John de Bono QC who gave evidence commented: “There is a huge variation in the quality and quantity of educational support [for children with cerebral palsy] depending on postcode and the ability of parents to fight for better provision.”
Therapeutic resources in the UK are hugely different to other countries: for example typical levels of physiotherapy support per children aged 0-6 years in the UK is 12 hours a year, compared with Canada at 6.5 hours per month.
The need for improved support for parents was also clearly evidenced throughout the inquiry by both parents and practitioners, with many parents highlighting the ‘battle’ they had faced through the courts to secure the right support for their child – time better spent on supporting their child.
Amanda Richardson, Chair of Action Cerebral Palsy said: “This inquiry has highlighted the huge potential of children with cerebral palsy, if the right support is given earlier in their lives. We are now focused on working with Government and health and education professionals to drive forward change.”
Following the inquiry, Action Cerebral Palsy now plan to work closely with Government officials and other key stakeholders to implement the inquiry’s recommendations, for example building on the SEND Code of Practice introduced through the new Children and Families Act to ensure the best possible health and educational outcomes for children with cerebral palsy.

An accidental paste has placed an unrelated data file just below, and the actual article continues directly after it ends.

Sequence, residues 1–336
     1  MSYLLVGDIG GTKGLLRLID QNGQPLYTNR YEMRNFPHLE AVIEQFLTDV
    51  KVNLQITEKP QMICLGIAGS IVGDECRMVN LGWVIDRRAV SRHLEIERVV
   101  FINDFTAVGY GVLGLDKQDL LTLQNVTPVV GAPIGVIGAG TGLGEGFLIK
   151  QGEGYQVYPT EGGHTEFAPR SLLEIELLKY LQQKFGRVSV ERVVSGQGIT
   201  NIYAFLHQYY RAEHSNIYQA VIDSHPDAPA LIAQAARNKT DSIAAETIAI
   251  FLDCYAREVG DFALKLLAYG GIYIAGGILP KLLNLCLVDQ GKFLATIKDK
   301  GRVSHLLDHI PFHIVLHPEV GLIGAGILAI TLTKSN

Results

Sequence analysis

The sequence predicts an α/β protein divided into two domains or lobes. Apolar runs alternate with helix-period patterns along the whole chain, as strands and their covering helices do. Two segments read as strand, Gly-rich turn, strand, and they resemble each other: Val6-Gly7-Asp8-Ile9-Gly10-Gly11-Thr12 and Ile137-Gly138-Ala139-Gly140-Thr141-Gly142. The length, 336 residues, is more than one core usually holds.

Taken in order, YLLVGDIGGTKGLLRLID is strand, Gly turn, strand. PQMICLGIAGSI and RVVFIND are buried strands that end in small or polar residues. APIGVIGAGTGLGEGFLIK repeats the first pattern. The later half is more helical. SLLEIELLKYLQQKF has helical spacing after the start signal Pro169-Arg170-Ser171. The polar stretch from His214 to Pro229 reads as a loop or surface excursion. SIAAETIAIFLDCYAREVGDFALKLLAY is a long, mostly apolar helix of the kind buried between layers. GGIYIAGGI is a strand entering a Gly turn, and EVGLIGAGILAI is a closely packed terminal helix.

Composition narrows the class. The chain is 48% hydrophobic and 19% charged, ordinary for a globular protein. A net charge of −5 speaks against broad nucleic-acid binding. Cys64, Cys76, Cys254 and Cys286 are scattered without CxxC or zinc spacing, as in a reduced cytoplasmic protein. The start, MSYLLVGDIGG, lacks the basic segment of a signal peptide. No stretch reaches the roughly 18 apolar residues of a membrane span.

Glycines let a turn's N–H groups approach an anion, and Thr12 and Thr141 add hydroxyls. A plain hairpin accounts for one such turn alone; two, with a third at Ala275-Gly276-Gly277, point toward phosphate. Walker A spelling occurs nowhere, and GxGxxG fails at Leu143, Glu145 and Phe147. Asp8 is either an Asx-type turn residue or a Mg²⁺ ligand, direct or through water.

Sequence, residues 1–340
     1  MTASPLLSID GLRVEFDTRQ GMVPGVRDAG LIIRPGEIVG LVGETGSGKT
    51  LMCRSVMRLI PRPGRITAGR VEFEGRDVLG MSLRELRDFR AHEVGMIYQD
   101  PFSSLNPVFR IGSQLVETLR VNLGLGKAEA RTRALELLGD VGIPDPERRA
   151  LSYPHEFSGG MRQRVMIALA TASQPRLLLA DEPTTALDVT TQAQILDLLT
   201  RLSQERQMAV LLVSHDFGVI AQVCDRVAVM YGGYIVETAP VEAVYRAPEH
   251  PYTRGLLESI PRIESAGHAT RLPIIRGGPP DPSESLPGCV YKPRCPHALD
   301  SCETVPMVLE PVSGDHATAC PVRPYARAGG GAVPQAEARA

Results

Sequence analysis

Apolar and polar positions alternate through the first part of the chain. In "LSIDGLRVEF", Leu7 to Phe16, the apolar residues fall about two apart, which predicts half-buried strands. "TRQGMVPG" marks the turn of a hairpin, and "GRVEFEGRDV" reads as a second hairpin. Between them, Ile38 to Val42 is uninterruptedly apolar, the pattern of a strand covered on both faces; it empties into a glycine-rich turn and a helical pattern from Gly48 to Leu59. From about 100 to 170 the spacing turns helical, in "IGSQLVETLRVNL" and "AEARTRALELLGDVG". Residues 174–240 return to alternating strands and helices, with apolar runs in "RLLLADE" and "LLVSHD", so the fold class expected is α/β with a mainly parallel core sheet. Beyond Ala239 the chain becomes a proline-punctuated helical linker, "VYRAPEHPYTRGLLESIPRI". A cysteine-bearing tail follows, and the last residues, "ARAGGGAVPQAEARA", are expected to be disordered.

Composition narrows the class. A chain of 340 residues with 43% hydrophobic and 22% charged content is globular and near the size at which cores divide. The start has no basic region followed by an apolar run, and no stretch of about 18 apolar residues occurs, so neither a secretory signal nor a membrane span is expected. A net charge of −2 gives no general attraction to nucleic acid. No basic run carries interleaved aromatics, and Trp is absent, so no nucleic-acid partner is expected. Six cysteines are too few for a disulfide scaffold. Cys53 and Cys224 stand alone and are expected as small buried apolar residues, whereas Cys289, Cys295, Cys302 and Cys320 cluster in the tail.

Five times gold Paralympic medalist Sophie Christiansen OBE is also supporting Action Cerebral Palsy, she said: “The overwhelming message from this Parliamentary Inquiry is that more can be done for children with cerebral palsy so that they can fulfill their potential, enriching and adding value to our society.”
About Action Cerebral Palsy
Action Cerebral Palsy is a consortium of specialist charities working with children with cerebral palsy and their families. Find us on www.actioncp.org, Facebook: www.facebook.com/actioncerebralpalsy and on Twitter: @action_cp